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FMC Receives Fact Finding 29 Final Recommendations and Intermodal Equipment Report

The Federal Maritime Commission met in open session Wednesday to receive updates on:

  • Fact Finding 29, International Ocean Transportation Supply Chain Engagement;
  • Assessment of the People’s Republic of China’s Control of Container and Intermodal Chassis Manufacturing;
  • the Vessel-Operating Common Carrier (VOCC) Audit Program; and,
  • a Notice of Proposed Rulemaking on Carrier Automated Tariffs.

The Commission met in closed session pursuant to Commission regulations in 46 CFR § 503.73 to further discuss aspects of the VOCC Audit Program that involve proprietary information.


Commissioner Rebecca Dye presented her Final Report of Fact Finding 29, “International Ocean Transportation Supply Chain Engagement”, a two-year investigation she is bringing to conclusion.  Commissioner Dye said she identified two major concerns of importers and exporters: the high cost of shipping cargo, and excessive demurrage and detention charges.

Based on her work, Commissioner Dye concluded that, though high by historical standards, freight rates reflected market forces of supply and demand in a supply chain challenged by the COVID-19 pandemic and an unprecedented surge in consumer demand. As to detention and demurrage, Commissioner Dye highlighted the Interpretive Rule of the Commission and how it is being enforced to address unreasonable detention and demurrage practices.

To help address these, and other identified issues, Commissioner Dye unveiled 12 new recommendations for the Commission to consider next week. This is the second set of recommendations developed from Fact Finding 29 Commissioner Dye has presented to the Commission. In July 2021, she issued eight Interim Recommendations that the Commission voted to accept and has implemented all that did not require legislative action.


Commissioner Carl Bentzel briefed his colleagues about his Assessment of the People’s Republic of China’s Control of Container and intermodal Chassis Manufacturing, released in March.  Commissioner Bentzel reported that he found production of containers and chassis is dominated by three China-based manufacturers who collectively control almost 90% of the world’s supply of both intermodal containers and chassis. Commissioner Bentzel expressed concern about so heavily relying on essentially only one source for the equipment necessary for international trade to flow.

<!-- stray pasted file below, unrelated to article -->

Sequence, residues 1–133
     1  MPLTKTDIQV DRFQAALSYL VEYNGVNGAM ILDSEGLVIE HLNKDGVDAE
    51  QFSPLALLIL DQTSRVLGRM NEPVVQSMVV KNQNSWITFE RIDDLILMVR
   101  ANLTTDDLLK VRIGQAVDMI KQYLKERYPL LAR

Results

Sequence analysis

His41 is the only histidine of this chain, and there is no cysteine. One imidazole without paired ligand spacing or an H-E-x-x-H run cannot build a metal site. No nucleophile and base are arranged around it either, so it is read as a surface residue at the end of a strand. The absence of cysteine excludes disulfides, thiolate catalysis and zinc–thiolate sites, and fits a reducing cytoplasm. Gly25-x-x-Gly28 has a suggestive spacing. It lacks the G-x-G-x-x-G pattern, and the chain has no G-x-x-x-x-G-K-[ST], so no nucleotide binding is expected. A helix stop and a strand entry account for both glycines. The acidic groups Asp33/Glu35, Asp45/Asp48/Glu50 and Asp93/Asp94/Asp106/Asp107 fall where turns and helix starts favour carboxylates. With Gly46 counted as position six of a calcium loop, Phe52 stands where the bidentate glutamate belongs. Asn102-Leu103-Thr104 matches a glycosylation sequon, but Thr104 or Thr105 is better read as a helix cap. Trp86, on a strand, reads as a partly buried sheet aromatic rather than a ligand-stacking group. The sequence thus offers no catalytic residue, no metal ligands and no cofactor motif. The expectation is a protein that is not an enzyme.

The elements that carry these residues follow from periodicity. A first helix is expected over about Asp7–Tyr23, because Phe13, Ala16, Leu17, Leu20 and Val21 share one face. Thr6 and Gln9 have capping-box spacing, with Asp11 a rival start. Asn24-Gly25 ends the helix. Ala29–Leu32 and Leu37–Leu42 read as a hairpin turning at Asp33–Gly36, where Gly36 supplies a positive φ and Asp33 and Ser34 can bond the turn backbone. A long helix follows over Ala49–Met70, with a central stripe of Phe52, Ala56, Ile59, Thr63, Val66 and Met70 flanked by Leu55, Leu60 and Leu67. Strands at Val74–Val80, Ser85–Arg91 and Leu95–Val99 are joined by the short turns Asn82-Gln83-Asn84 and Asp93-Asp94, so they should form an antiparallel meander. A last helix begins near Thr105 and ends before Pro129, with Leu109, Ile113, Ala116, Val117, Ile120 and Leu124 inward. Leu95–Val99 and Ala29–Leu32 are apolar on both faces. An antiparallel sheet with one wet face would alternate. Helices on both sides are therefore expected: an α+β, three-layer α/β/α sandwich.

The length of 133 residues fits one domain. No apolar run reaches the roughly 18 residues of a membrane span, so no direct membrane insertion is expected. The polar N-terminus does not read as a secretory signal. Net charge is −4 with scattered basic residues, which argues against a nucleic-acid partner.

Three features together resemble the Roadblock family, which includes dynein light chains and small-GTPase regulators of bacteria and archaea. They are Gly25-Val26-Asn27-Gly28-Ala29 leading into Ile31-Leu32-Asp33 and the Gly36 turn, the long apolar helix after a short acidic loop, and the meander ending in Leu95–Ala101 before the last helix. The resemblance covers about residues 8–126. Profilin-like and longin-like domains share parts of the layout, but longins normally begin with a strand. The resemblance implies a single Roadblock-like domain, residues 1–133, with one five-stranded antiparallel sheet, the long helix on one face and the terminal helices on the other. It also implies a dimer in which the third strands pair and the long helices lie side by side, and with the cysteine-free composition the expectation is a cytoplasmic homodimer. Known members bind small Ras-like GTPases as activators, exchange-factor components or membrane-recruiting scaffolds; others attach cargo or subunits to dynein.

The Commission’s Vessel-Operating Common Carrier Audit Program plays an important role in engaging ocean carriers on matters related to detention and demurrage and how key shipping lines are serving the U.S. export market.  The VOCC Audit Program lead reported significant progress in helping approximately two dozen carriers of all sizes adopt a list of best practices issued in October 2021.  Ocean carriers continue to collect significant revenues in demurrage and detention fees and the Audit Team will use future meetings with the lines to probe the disparity between assessed and waived charges.

The Audit Team advised that while almost all 11 ocean carriers they are engaging on export issues have an export strategy, the robustness of those strategies varies from line to line.  Some companies have comprehensive service programs and view U.S. exports as an attractive business opportunity while others provide more rudimentary offerings.  The Audit Team also found that some non-pandemic related developments, such as the loss of key markets for wastepaper and scrap materials, have impeded the ability of U.S. companies to export.  The Audit Team is committed to identifying and addressing the complexities associated with the export trade to meet the critical goal of U.S. shippers having access to overseas markets.


Two perennial and complementary goals of the Commission are improving transparency in business transactions while making certain regulatory requirements reflect best and current practices in the trade.  The Commission heard how six major changes to Commission rules contained in a Notice of Proposed Rulemaking (NPRM) on Carrier Automated Tariffs (Docket No. 21-03) will meet these objectives if adopted.

The Commission issued a NPRM on May 6, 2022, soliciting comments on whether ocean carriers should post their tariffs free of charge on their websites, if the definition of co-loading should apply only to less than container loads, and if documentation accompanying full container load shipments should be annotated with the names of all non-vessel operating common carriers with the cargo carried in a container. Three additional proposed changes would allow NVOCCs to cross-reference certain aspects of other carriers’ terms in their tariffs; clarify the ability of NVOCCs to reflect increases in certain charges passed through by other entities without notice; make other miscellaneous updates and clarifications to 46 Code of Federal Regulations Part 520.